Knowledge Is Power: Leveling the Playing Field in Education — Cynthia Plouché

Higher education and career readiness are essential tools in preparing students for lifelong learning and success in the world of work. Yet women and minorities still face systemic challenges in both areas.

We’re in conversation with Cynthia Plouché, a seasoned financial services executive, board leader, and education advocate, about her perspective on eliminating disparities in learning.

Cynthia, a key theme in your work is the importance of equal access to education in students’ success. How are we doing as a society in reaching that goal?

“We’re doing better with every year in our awareness of the inequities. Yet the amount of money schools receive often varies depending on zip code. Funding can hinge on property taxes, for example, so schools in affluent zip codes are typically equipped with more resources, such as high-end technologies.

“A key area of focus for me is social justice in the space of education. Success in education shouldn’t be determined by where you grew up, how much income your parents have, your gender, or the color of your skin. It should be about everyone having the same access and opportunity to achieve.

“Schools are not only venues for acquiring academic knowledge; they’re also places where identities are formed and where young people begin to understand who they are and how they relate to society overall. Having a team of school administrators and teachers who fully reflect the composition of the student body provides a critical opportunity for students to affirm their sense of belonging by connecting with trusted adults with similar backgrounds.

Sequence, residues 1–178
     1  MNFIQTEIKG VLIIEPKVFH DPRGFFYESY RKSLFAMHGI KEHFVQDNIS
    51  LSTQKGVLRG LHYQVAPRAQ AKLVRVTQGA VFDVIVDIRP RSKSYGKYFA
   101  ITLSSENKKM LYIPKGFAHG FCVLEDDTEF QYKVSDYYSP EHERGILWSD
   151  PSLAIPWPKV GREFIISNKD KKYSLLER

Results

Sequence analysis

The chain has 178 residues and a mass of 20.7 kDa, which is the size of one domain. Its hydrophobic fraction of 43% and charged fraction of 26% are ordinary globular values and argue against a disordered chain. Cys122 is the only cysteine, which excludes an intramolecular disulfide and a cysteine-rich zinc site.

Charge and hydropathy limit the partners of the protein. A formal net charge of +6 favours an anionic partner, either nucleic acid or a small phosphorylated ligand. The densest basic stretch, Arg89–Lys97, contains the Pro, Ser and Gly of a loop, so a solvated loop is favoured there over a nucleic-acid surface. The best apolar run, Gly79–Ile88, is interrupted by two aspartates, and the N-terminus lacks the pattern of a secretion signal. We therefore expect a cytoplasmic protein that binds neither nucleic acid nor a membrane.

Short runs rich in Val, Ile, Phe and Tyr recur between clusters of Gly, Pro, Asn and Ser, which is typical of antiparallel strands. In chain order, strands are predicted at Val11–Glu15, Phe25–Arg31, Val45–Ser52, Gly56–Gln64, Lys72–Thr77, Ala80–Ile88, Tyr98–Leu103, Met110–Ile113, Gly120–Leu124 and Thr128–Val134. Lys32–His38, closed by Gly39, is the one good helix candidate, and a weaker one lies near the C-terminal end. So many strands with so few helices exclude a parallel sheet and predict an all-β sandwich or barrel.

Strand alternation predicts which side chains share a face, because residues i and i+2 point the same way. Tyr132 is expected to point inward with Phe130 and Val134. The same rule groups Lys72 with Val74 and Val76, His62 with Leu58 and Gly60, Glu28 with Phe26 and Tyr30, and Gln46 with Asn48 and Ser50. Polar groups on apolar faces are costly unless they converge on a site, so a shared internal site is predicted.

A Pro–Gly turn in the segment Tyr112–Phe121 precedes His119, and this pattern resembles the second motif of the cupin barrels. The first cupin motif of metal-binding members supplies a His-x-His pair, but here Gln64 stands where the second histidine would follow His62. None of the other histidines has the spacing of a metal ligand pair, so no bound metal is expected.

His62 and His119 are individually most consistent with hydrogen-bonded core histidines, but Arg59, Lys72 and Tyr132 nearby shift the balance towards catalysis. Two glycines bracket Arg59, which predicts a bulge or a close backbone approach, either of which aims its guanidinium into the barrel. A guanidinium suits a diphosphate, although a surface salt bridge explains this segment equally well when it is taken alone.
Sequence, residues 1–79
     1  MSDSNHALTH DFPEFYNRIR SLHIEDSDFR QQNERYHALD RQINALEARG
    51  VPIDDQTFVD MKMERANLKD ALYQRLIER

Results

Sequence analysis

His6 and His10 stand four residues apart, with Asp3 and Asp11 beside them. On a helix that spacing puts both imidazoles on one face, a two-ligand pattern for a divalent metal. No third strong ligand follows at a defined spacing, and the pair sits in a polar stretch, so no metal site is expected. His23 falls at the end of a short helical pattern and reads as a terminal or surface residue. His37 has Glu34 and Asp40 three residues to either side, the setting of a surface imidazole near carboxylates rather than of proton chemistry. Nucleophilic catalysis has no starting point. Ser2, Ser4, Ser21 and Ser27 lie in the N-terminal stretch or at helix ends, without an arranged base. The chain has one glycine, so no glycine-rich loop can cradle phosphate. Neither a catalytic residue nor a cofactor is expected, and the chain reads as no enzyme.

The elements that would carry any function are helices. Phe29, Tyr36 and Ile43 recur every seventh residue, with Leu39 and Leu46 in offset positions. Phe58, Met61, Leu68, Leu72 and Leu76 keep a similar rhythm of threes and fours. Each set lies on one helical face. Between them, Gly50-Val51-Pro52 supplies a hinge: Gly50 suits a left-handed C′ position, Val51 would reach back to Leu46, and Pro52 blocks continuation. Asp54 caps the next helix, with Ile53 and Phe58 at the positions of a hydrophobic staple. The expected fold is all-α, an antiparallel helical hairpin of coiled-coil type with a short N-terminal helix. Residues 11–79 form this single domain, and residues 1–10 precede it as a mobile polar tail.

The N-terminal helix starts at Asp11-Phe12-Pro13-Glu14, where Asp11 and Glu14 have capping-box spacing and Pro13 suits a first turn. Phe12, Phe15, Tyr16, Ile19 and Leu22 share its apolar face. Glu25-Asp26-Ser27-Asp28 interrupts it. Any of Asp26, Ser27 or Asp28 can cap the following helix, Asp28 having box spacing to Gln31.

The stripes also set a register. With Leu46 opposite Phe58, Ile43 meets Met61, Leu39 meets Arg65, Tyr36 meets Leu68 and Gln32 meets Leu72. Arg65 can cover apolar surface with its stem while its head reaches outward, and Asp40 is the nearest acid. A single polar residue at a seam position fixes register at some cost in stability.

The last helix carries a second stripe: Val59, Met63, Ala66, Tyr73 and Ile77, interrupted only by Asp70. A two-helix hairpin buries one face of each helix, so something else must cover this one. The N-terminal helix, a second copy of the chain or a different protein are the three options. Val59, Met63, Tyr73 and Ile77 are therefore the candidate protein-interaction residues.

“I’ve learned over time that ‘if you can see it, you can be it.’ We need to be ever mindful of creating inclusive classrooms — where all students can envision the possibilities for their future and begin to be what they want to see.

“So, we still have lots of challenges to solve. How do we create revenue for public schools that isn’t tied to a community’s zip code? How do we correct pay inequities for teachers and ensure diverse leadership? How do we provide the best educational experience to students at the schools that don’t have abundant resources? The playing field will never be level until we address these issues together.”

We hear a lot about the impact of the COVID-19 pandemic on education. What is your assessment?

“Through the pandemic we surely lost a lot of ground in students’ continuum of personal growth. The challenges were often greatest for our most vulnerable students, especially those with lower socioeconomic status, or living in rural areas, who were not equipped for remote learning.

“Yet this time of widespread crisis also ignited our capacity to innovate in delivering education, primarily through technology. As the traditional system shut down, teachers stayed open. They rapidly adapted their teaching styles to remote or hybrid learning to be there for their students and support their academic and emotional needs. School districts across the country took action, handing out millions of laptops and tablets to close the gaps in technology access.

“Ultimately, the pandemic, with all its accompanying challenges, gave us an opportunity to make our educational system better. Many of the lessons from remote learning, particularly in incorporating technology and finding unconventional ways to solve problems, can be put to good use in creating a more adaptable system — one that’s ready for whatever awaits us on the road ahead.”

Thank you, Cynthia, for your positive perspective.

Cynthia R. Plouché is the founder and CEO of The Alzenia Project, a nonprofit organization that leverages the impact of other nonprofits to help young women of color achieve personal and professional growth. Along with her devotion to advancing diversity, Cynthia is also an inspiring business leader. She has a successful career in investment management, including more than 10 years as co-founder and chief investment officer of a woman-owned firm and culminating in ongoing corporate board leadership within the mutual fund industry.



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